A (secular) sense of wonder

Earlier this week, on one of the few real Spring days we’ve had so far this year, I decided to go to a nearby park. With my ongoing PhD, I rarely have the time to read fiction, so I was looking forward to sit on the grass and start Daphné du Maurier’s My Cousin Rachel. But I ended up reading only a few pages. Nature was simply begging for my attention. Instead of reading, I looked around me, taking everything in. The daisies flecking the grass. The birds chirping in the bushes. The soft soil under my fingertips. The clear, cloudless sky. The warmth of the sun on my cheeks.

I was enjoying nature for nature’s sake.

This may not seem to be a great achievement. Yet for me, it’s one of the many freedoms I’ve discovered since I began living a secular life. In the Christian, Evangelical worldview I was brought up with, you’re taught to see nature as a pointer towards something greater: a theistic, creator God. According to the Bible, nature is part of divine general revelation. In other words, simply by observing nature, everyone knows deep down that God exists. Therefore people who don’t have any belief in a god are “wicked”, “without excuse” and condemned to hell*. I’m not going to address this assumption here because counter-apologetics is not the purpose of this blog (if you’re interested in seeing it debunked, have a look here). The point is, in the religious (or at least the theistic) worldview, nature is not something to be enjoyed for its own sakeIn fact, pleasure of any kind is always linked to the glory of God, unless it’s considered “sinful” (I’ll blog about pleasure sometime soon).

In a secular worldview, nature is not god, or a sign of god’s presence. It is not under divine control, nor is it the creation of a god. It’s just nature. That doesn’t mean that it’s not special. It’s beautiful, fascinating and at times frightening — but in its own right. This leads me to the following points:

Nature doesn’t point to a God, but that doesn’t mean that we can’t be awestruck by it. Whether its because we’ve witnessed stunning scenery or because we’re humbled by the scale of the universe, we’ve all experienced moments of wonder.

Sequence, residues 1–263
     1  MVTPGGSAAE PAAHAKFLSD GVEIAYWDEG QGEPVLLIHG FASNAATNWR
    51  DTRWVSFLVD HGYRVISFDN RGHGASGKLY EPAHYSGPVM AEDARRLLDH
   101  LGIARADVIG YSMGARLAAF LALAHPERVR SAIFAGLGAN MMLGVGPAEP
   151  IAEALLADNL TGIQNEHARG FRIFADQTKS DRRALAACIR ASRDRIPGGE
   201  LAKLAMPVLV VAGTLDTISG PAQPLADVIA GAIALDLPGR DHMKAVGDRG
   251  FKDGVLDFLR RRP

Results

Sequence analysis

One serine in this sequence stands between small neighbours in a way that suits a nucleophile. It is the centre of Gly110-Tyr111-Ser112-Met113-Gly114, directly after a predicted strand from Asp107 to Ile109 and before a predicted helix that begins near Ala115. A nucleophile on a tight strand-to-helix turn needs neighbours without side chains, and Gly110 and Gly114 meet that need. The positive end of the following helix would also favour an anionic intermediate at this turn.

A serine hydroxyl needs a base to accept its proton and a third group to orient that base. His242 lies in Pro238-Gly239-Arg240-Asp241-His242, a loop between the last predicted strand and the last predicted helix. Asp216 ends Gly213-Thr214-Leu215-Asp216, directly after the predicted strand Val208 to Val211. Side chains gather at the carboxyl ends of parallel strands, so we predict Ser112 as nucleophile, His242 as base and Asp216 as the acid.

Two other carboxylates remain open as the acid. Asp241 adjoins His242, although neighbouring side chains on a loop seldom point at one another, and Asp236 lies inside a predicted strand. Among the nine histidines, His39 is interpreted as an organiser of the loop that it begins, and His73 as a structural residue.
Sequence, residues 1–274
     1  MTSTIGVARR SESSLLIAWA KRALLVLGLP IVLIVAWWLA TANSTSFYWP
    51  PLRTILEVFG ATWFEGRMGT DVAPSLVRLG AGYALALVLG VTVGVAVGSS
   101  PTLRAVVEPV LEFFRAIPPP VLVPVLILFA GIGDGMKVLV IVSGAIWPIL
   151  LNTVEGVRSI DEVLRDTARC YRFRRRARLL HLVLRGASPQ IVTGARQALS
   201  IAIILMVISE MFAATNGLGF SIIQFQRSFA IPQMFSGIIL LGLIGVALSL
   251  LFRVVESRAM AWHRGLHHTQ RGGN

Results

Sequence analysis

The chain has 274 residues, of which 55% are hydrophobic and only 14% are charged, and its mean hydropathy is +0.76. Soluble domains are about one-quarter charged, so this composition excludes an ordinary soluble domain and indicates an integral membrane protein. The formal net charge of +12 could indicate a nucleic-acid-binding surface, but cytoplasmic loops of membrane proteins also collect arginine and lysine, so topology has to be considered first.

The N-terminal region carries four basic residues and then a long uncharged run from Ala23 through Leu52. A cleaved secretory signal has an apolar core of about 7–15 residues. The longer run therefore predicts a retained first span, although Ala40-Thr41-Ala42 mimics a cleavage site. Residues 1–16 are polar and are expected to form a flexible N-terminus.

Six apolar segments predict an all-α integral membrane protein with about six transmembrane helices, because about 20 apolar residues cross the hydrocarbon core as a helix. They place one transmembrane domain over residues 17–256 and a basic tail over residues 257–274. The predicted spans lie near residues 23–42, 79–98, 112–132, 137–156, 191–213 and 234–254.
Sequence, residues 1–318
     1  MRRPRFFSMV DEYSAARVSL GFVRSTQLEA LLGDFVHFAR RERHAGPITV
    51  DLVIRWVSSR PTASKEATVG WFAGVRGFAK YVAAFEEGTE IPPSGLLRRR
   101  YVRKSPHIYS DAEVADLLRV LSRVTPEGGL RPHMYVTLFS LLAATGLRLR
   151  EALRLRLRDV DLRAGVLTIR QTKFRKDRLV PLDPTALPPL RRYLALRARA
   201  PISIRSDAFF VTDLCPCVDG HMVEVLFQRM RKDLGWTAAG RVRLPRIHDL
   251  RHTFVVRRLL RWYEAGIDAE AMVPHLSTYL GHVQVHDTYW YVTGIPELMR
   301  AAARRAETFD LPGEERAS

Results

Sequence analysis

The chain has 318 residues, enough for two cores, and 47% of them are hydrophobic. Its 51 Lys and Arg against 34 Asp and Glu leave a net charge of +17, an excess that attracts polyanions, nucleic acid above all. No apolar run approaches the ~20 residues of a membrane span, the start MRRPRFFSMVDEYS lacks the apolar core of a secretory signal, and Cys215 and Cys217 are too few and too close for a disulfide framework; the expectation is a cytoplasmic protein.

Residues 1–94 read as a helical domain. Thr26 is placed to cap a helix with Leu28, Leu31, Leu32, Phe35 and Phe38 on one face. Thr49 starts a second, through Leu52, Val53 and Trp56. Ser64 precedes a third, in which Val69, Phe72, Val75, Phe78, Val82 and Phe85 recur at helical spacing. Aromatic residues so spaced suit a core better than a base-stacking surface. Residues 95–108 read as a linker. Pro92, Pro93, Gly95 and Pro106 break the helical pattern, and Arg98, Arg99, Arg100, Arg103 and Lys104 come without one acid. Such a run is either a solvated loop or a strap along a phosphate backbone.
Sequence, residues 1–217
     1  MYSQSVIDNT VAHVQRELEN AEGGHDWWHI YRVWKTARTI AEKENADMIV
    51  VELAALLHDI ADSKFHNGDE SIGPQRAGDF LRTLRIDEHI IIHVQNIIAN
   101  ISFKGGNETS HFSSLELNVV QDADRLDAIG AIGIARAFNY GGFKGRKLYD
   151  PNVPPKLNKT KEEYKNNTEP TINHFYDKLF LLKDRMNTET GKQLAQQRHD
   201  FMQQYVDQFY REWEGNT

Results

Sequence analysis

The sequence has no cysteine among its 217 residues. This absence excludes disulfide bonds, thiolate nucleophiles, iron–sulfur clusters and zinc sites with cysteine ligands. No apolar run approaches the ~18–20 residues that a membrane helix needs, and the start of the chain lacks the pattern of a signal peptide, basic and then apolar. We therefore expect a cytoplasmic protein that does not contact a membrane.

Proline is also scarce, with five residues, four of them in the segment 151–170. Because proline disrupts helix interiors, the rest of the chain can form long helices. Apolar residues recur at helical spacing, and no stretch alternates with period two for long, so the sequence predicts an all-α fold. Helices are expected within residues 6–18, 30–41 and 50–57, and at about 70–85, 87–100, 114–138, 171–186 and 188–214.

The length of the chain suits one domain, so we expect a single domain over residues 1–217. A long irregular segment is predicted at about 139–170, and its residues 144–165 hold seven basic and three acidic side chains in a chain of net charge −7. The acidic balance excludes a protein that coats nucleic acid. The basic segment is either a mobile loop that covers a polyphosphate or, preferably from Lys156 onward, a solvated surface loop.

Nature isn’t a gift from God, but that doesn’t mean that we can’t be grateful for it. And cherish it, and strive to protect those parts of it which are within our influence. It is, after all, the only thing that supports human life. If humans don’t take care of it, there’s nobody else to do it. And remember, gratitude is a secular value. There doesn’t have to be a “to” for you to be “thankful for“.

Nature wasn’t created by God, but that doesn’t mean that we can’t feel connected to it. In fact I feel more connected to the rest of nature than ever before because I know that it wasn’t created for me, and that nothing about me makes me intrinsically any more special than any of the other animals that live on this planet (sorry Adam and Eve!). Those birds whose chirps I was listening to in the park? We share 65% of our DNA with them (well, technically, it’s with chickens). Hell, we’re even deeply connected to non-living matter. As astronomer Carl Sagan famously stated, “the cosmos is also within us. We’re made of star stuff” (carbon, nitrogen and oxygen). We share the same atoms as stars. We are, quite literally, stardust.

So yes, for the secular humanist, nature is just nature. And that’s awesome enough as it is! So let’s cultivate a sense of wonder towards nature. Marvel at it. Explore it. Treasure it.


*It’s no surprise that proponents of creationism / Intelligent Design deny the reality of evolutionary biology: it removes the need for a first cause. 

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